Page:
Tag Archive | getting to the truth

It Happens Faster Than You Think

Hi Everybody! I hope those of you who followed me in the past are still willing to do so. I’ve been away to dedicate my time to writing three books. One is the second edition of my first attempt at a novel. During the past several years and six other books, I’ve learned a thing or two. I still like the story, but the writing—not so much. The second book is a sequel to “Finding Gessler.” And the third is the more difficult tale to tell—“Barbie and Ken, A love Story.” This book chronicles our journey through Multiple Sclerosis. So you get it—I’ve been busy.

But I had to write about an important subject—aging. This summer I will have a milestone birthday. Yes, I will turn 65. I think this birthday is tougher than turning any other milestone birthday like 18, 21, 30, 40, 50, 60 etc. Inside, I feel no different than I ever did, but for the first time outside, there are tell-tale signs—gray hair, glasses, and moving a bit slower. What I didn’t count on was the government and different professionals reminding me almost every day  I’m getting close to the big 65.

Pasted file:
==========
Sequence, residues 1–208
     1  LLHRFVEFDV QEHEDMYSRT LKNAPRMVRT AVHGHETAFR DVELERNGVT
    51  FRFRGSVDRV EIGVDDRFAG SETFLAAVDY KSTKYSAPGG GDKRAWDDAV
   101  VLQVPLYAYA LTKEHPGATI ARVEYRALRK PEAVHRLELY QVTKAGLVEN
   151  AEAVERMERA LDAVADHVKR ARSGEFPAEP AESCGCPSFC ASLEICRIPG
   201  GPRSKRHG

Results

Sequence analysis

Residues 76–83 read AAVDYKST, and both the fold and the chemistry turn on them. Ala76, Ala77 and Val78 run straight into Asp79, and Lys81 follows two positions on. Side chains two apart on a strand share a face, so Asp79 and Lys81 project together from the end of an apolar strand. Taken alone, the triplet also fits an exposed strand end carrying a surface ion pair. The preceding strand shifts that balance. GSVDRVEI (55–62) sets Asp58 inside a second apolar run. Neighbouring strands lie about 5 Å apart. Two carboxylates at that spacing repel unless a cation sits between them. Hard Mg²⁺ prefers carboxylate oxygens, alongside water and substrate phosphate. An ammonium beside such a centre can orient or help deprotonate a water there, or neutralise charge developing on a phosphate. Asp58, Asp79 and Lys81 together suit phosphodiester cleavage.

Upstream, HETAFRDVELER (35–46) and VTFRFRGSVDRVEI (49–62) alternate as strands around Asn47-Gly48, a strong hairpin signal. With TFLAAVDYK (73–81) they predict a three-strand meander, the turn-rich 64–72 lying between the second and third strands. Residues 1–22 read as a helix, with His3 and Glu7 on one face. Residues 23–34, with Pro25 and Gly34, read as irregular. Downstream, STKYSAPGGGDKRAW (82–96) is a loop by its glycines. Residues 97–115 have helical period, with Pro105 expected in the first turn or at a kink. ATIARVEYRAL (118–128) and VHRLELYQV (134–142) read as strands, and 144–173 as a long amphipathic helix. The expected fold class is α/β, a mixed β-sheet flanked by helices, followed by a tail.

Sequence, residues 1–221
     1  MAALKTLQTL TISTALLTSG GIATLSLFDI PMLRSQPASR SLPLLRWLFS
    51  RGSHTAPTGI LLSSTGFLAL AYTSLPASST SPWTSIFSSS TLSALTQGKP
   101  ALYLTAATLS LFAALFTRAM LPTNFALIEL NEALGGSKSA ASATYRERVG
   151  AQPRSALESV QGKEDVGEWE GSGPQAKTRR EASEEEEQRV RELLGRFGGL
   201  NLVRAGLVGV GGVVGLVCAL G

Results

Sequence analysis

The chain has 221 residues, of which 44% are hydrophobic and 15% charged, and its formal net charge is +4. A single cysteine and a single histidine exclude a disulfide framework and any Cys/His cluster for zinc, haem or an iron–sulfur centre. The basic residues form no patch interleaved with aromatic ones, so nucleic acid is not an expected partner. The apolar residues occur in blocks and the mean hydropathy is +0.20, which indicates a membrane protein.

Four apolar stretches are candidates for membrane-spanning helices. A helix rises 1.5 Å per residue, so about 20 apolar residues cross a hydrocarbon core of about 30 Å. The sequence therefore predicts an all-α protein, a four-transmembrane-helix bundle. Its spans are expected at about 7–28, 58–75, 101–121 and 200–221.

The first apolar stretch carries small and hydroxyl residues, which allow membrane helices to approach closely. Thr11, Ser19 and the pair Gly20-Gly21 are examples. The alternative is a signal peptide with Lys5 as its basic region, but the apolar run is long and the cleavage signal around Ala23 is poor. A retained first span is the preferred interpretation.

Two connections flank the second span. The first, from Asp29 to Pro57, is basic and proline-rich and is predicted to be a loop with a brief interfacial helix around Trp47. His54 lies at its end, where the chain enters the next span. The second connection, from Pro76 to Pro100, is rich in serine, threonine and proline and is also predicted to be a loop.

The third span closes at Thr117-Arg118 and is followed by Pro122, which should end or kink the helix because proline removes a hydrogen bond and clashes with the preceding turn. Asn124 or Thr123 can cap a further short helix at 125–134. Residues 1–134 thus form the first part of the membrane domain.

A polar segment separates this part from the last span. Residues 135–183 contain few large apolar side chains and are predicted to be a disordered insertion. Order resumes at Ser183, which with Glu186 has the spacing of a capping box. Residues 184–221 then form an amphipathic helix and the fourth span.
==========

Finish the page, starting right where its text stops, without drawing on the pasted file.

It started when my Medicare card arrived a month ago. Following that memorable event was a plethora of advertisements for Medicare supplement plans. Next came the phone calls from every insurance agency that sells the old fogy plans. Okay, I’m tough. I can take it. But when my family doctor came into the exam room saying, “So, Barbara, how’s the hip?” Weeks later, the optometrist said, “You’re eyes are in good health, but I do see the start of cataracts.”